For the first time in DC Comics' extended universe, we will have two queer women of color on screen. The upcoming series Black Lightning will feature the titular hero’s super-powered daughter Anissa Pierce and the half-Amazonian warrior Grace Choi. In the comics, Anissa Pierce becomes a superhero called Thunder and dated Grace Choi while they were part of the superhero team The Outsiders.
Until now, neither Marvel nor DC has queer women of color on screen. Tessa Thompson stated that a scene confirming Valkyrie's bisexuality was cut out of the recent Thor: Ragnarok film. Meanwhile, DC’s show Supergirl managed to cast a white actress to play the Latinx lesbian character Maggie Sawyer.
It's bad enough that there are so few queer and trans women of color in superhero comics to begin with. You can literally count how many of them are at Marvel and DC on both hands: America Chavez, Xavin, Karma, Ekio Hasigawa, Alysia Yeoh, Porcelain, Anissa Pierce, and Grace Choi. The success of queer women of color onscreen could lead to having more of them existing in the pages.
Once we get queer and trans women of color in superhero media, we can open the doors for queer and trans women of color in other science fiction and fantasy media. There can be more characters like Amanita in Sense8 and Bill Potts in Doctor Who. This would also provide opportunities for queer and trans women of color actors, directors, writers, and more to be involved in telling the stories.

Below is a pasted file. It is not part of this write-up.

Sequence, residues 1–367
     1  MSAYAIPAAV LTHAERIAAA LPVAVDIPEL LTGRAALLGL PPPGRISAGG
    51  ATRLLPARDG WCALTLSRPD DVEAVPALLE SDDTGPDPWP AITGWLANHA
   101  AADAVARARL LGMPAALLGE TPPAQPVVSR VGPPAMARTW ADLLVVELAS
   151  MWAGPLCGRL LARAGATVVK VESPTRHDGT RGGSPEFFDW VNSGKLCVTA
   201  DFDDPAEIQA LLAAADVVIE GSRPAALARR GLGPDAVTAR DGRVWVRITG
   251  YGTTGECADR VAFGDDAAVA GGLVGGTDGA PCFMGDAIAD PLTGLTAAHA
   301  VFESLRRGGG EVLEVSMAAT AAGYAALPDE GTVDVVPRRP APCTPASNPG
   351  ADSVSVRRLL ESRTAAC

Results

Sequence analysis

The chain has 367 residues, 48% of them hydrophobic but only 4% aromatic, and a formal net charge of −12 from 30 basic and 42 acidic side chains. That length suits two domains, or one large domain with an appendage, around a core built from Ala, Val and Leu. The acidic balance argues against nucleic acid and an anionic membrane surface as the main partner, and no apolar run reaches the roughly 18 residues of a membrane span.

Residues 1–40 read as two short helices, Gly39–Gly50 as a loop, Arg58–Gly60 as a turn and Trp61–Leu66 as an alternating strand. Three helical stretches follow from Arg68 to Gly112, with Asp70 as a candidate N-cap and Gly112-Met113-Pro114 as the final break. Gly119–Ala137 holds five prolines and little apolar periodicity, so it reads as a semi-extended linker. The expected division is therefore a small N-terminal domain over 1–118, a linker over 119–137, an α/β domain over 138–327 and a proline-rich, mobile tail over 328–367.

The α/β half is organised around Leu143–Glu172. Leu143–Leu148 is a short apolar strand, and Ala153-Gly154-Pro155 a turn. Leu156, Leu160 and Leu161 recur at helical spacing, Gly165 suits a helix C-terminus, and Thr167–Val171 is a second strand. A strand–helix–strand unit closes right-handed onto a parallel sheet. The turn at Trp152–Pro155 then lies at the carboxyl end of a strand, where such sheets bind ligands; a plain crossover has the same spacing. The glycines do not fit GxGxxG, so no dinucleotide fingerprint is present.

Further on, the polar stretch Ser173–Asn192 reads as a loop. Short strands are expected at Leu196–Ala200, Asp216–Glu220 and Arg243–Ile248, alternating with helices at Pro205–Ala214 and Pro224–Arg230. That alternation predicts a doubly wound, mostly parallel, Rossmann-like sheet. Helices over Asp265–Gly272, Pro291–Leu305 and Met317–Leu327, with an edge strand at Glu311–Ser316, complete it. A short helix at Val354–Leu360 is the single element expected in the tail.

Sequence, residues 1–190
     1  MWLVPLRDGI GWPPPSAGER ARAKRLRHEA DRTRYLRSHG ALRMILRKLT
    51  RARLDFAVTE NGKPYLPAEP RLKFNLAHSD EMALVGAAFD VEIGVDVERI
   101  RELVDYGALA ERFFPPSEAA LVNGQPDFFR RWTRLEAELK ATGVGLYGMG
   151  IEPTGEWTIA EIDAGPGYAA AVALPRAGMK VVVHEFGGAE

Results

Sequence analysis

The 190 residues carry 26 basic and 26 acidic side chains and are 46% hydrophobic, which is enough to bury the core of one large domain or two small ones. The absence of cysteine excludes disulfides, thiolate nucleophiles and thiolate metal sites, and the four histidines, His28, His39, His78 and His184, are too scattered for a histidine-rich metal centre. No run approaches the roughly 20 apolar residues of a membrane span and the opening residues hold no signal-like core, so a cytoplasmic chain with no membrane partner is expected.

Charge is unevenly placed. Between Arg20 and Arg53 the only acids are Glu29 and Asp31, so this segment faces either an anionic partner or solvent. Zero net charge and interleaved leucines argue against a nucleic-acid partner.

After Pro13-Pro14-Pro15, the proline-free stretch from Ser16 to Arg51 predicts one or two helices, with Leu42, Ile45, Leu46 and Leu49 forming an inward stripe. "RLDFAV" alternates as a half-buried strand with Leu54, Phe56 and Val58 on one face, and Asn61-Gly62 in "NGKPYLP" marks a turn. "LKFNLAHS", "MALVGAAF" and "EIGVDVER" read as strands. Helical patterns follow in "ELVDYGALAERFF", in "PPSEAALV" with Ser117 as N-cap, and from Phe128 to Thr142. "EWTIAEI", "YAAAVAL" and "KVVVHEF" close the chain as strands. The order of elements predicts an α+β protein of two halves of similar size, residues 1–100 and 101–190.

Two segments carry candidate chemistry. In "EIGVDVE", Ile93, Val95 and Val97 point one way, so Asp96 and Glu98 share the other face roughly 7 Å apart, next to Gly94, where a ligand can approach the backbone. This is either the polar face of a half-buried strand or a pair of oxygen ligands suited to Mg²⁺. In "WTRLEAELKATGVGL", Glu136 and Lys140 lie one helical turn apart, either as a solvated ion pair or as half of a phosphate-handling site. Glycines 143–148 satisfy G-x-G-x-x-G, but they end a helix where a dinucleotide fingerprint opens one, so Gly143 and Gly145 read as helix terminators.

Although it's great that Black Lightning's showrunners are Black and that the cast and characters are people of color, it is vital that the show take an intersectional approach to their storytelling. One Black person's experience and one Asian person's experience shouldn't represent everyone. There are multiple identities and various perspectives within the Black and Asian communities that should be acknowledged and respected.
In order for Grace Choi and Anissa Pierce to be portrayed successfully as characters, there are a few steps that the Black Lightning creators should take. The most important being to hire queer and trans women of color to work behind the scenes, especially as writers. The last thing we need is for either character to become victims of the "Bury Your Gays" trope by being killed off.
Not only do the characters need to not be killed off, but they also need to be written as authentic, complex characters. Grace Choi shouldn't be "The Inscrutable Oriental" or "exotic" and Anissa Pierce shouldn't be "the sassy one" or "The Strong Black Woman." Let them laugh, cry, love, and kick evil villain butt. Let them be equals and help each other grow.
As a Black non-binary queer person that's also femme, I would really enjoy seeing Anissa Pierce and Grace Choi as a cool superhero duo and everyday people in love. I am inspired by complex women and femmes that are real and fictional. Seeing Anissa Pierce and Grace Choi be partners in and out of battle would make me feel powerful and that I can handle any bad thing that comes my way.
Both Grace Choi and Anissa Pierce have the potential to do much for the world of superheroes and beyond. In order to be great, it is important that their stories are told in a rich and engaging manner that resonates with queer and trans women of color. With these characters, Black Lightning has the opportunity to be heroic by showing that queer and trans women of color can be (and are) heroes.